This runs counter to a lot of conventional wisdom. When I was in junior high, I would occasionally leaf through one of my mother's women's magazines, looking for the occasional movie review or sexy lingerie ad. One of them had a monthly column called "Can This Marriage Be Saved?" The marriage counselors who wrote for this column would issue prescriptions of ways the couples could heal from the anger and betrayal that had cast their relationship on the rocks. Some of those prescriptions were extreme, the relational equivalent of chemo. And then would come the prognosis as, looking closer at the personalities involved and the water under the bridge, the counselors speculated on how terminal the relationship was, even with therapy.
Healing a broken relationship is very hard work. Staying together has always been a priority for me, and I've instigated relationship counseling in four of mine. It may even have done us some good. But all four relationships ultimately came to an end, anyway.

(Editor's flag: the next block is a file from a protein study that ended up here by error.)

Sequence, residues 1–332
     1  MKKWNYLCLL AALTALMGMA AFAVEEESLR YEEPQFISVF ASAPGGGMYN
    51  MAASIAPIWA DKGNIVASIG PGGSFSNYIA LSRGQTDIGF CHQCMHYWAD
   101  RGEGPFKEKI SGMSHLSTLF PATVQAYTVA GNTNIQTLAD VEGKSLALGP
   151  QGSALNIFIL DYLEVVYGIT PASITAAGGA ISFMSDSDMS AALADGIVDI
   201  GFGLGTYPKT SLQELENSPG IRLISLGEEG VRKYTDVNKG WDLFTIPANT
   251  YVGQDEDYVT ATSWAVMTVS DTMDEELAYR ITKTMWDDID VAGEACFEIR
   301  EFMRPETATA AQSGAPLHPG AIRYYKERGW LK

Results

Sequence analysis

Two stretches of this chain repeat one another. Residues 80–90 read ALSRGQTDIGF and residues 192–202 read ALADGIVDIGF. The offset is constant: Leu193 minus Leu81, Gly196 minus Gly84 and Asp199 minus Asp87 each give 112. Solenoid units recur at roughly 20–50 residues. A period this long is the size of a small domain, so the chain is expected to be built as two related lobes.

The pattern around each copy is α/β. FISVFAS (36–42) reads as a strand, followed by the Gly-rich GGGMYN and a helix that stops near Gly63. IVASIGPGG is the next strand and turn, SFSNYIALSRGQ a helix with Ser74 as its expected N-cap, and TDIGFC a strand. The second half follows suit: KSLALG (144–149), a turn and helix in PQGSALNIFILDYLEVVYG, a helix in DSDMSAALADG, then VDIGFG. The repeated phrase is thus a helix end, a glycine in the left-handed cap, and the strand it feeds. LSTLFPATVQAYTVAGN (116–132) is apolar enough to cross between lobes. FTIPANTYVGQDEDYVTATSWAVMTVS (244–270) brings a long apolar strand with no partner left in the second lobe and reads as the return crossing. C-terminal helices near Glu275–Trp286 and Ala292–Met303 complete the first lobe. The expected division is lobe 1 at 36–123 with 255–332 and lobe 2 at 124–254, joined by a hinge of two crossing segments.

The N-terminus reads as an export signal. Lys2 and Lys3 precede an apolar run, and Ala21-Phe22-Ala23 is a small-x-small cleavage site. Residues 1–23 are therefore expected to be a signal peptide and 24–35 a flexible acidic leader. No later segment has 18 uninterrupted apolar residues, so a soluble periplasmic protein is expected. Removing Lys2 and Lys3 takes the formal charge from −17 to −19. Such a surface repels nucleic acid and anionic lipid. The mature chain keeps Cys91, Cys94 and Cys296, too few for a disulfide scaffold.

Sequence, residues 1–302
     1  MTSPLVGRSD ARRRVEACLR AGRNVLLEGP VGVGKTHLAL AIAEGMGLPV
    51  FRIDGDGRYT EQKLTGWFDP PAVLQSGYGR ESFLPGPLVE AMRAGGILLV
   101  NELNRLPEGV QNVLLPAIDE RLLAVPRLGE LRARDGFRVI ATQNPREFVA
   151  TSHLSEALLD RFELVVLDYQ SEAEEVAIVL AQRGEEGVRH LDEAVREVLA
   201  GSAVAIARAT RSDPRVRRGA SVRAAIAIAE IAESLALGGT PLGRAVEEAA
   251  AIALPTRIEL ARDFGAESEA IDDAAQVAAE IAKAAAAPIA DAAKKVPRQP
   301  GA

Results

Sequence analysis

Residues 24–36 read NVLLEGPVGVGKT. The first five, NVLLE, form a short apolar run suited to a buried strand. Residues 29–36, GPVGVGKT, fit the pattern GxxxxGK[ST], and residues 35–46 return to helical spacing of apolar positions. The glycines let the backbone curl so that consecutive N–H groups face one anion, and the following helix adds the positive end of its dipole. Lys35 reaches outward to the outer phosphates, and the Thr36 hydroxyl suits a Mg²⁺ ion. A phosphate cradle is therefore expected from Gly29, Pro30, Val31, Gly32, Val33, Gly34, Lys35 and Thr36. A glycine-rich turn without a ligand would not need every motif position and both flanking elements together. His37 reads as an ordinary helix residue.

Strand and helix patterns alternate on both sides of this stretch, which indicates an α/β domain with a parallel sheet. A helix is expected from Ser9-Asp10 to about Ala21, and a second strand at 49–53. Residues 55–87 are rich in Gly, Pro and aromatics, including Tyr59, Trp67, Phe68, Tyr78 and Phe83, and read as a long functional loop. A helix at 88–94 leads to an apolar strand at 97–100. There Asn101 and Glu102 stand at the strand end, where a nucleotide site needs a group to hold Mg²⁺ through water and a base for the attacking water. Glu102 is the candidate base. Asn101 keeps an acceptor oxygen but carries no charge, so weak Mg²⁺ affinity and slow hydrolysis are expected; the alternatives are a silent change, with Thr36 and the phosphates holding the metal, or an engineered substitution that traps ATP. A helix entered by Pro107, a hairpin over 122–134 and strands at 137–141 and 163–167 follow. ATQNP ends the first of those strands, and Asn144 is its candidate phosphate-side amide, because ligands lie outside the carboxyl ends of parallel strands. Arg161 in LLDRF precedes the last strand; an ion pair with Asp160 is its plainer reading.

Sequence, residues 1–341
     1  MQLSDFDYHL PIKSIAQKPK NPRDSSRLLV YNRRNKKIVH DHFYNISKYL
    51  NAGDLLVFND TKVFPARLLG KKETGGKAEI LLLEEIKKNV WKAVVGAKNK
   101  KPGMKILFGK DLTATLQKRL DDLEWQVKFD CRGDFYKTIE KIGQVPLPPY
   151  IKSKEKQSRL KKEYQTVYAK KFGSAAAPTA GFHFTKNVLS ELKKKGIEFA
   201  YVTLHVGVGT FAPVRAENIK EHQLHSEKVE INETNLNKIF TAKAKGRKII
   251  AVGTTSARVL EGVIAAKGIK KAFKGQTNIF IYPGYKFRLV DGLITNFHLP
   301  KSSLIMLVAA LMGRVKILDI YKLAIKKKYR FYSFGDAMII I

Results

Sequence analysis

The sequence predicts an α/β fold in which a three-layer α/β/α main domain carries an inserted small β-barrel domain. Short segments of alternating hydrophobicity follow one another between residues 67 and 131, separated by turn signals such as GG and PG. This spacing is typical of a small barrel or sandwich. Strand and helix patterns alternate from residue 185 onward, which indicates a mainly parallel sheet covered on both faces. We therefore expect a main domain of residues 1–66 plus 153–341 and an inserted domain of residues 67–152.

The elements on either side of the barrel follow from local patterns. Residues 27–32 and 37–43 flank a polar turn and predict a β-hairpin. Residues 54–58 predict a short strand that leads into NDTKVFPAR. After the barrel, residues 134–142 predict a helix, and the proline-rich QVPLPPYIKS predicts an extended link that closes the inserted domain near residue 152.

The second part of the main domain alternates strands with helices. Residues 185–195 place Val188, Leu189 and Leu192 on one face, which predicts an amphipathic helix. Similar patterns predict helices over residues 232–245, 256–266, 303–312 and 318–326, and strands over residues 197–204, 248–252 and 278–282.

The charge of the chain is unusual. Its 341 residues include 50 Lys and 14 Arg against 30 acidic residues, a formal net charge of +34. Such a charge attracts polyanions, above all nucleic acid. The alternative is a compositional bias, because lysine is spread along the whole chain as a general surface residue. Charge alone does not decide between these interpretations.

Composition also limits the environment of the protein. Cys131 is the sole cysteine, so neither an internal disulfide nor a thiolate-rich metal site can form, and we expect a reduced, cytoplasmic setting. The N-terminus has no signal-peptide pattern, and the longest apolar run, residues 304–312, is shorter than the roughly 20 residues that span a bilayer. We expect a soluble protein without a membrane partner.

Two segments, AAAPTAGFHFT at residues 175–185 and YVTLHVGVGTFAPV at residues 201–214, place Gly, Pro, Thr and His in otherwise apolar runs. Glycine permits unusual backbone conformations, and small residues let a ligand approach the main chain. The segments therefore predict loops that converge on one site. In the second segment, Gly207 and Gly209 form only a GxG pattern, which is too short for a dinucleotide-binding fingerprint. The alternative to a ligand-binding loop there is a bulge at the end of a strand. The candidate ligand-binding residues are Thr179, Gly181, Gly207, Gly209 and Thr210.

I'm not saying that working on a relationship is pointless, but I am saying that the work has to be mutual, intentional, and ongoing. If you're not both on board, if one of you is just going through the motions for your sake, then you're wasting everyone's time, not to mention a good deal of money. If you don't feel hope after counseling; if the same thing keeps coming up, no matter how many times you talk it out with the counselor; if you're not both willing to be partners in the hard work of staying together; then let it go. Initiate that very difficult conversation, and move on to the next part of your life.